Toronto Programs

Trustee says drop in TDSB enrolment due in part to sex ed changes

Enrolment dropped by about 2,000 students at the Toronto District School Board in the current school year in part because of the province's revised sexual health curriculum, says a Toronto school trustee.

Principal at Thorncliffe Park Public School has met with 650 parents to explain accommodation

Gerri Gershon, Toronto District School Board trustee for Ward 13, Don Valley West, says the Ontario government's revised health and physical education curriculum is partly the reason why enrolment has dropped at public schools in Toronto this current school year. (CBC)

Enrolment dropped by about 2,000 elementary students at the Toronto District School Board in the current school year in part because of the province's revised sexual health curriculum, says a public school board trustee.

"We don't know exactly why the drop has occurred," Gerri Gerson, TDSB trustee for Ward 13, Don Valley West, told Metro Morning on Thursday.

"Our projections are usually quite accurate and we do feel that there's some factor having to do with the sexual health curriculum."

She said the TDSB expects its projections to be off by about one per cent, or 1,700 students, every year, but there was a loss of 2,083 elementary students in the 2015-2016 school year. The province's revised health and physical education curriculum started in September 2015.

One school in particular, Thorncliffe Park Public School, which runs from grade 1 to 5, saw a drop of enrolment of about 90 students. 

Following protests by hundreds of parents in September, Thorncliffe Park began to allow some Grade 1 students to attend alternative classes on sexual health in May. Some students are learning about "private body parts" instead of proper names for genitalia. The alternate version was offered by the school to accommodate religious beliefs of certain families.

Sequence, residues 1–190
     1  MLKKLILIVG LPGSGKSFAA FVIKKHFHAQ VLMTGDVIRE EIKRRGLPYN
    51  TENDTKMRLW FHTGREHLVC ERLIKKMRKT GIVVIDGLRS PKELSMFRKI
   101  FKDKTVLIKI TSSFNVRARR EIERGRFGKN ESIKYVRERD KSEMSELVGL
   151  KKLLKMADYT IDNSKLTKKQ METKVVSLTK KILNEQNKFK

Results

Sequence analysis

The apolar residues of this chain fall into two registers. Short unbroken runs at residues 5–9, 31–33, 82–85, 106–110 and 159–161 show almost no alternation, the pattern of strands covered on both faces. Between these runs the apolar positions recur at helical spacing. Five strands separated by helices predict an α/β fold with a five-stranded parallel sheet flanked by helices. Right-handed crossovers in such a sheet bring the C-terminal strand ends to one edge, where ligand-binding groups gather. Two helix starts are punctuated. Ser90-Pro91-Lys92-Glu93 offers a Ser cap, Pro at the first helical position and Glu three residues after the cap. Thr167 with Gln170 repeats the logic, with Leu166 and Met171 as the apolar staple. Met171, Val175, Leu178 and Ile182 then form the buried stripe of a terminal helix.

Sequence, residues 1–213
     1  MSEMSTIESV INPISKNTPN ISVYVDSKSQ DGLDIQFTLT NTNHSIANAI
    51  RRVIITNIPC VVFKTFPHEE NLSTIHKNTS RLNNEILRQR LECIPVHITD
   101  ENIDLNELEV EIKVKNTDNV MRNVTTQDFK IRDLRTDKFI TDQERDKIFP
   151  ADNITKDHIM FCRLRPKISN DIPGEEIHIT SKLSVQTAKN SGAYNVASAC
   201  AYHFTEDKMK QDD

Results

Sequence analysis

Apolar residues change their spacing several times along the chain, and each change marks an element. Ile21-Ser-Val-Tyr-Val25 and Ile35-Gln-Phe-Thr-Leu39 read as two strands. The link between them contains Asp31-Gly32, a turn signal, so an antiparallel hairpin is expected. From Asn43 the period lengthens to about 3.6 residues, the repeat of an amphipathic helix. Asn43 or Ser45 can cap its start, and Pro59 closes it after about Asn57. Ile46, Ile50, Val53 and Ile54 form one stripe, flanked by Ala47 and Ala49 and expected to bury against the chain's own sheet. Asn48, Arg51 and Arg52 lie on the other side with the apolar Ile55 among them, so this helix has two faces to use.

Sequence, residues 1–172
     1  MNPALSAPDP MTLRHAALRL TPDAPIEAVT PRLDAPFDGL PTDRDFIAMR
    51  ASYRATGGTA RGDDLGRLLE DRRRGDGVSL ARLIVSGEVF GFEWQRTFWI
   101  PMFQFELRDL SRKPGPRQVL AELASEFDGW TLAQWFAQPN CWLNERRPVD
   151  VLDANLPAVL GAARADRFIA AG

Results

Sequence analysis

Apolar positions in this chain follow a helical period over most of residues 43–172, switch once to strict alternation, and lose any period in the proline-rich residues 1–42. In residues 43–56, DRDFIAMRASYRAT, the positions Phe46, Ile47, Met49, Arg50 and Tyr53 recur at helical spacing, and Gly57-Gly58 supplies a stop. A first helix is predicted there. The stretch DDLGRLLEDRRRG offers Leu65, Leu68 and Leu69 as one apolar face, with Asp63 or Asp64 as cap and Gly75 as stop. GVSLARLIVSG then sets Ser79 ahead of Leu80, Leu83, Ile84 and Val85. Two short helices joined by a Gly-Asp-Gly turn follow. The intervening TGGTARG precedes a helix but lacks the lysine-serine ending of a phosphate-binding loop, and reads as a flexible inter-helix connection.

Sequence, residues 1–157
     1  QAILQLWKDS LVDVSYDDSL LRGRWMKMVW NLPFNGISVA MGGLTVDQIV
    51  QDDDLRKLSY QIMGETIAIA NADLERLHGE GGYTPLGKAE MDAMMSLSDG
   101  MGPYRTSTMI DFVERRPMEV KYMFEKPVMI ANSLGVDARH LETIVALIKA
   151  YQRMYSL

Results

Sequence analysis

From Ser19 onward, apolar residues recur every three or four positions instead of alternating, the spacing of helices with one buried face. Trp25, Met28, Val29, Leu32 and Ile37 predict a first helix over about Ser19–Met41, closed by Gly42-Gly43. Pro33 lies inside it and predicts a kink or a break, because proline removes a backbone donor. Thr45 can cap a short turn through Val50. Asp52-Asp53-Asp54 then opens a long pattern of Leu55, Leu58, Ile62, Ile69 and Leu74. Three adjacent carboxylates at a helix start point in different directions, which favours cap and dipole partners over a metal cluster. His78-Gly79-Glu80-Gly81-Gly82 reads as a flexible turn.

The school found itself at the centre of a controversy last year when hundreds of parents protested and pulled their children from class because they felt the curriculum wasn't appropriate for young children. The community has a large immigrant population, including many parents with strong conservative or faith-based backgrounds who have been very critical of the province's plan.

"We want the kids in school. We want them to be learning. We want them to be participating," Gerson said.

She said the Thorncliffe Park principal Jeff Crane has met with 650 parents to explain how the school would accommodate concerns about the sexual health curriculum.

According to the Facebook group, Thorncliffe Parents Association, the accommodation is an "artificial sweetener" and it fails to address their major issues of concern about such topics as gender fluidity, consent, romantic relationships and different sexual practices.

Gerson acknowledged that the Facebook group may be influencing parents when they are deciding whether to school their children at home or send them to private institutions.

"We provide an excellent, excellent program for the kids," she said. "Parents have a right to do what they wish as far as schooling is concerned."

Gerson said enrolment has partially bounced back at the TDSB and enrolment is currently greater than the number predicted for next year. She said that may be a result of children of Syrian refugees now going to TDSB schools.

As for Thorncliffe Park, enrolment projections for next year are difficult, Gerson said.

"It's very tricky, especially in an apartment community where there is a lot of mobility. It's very hard to predict."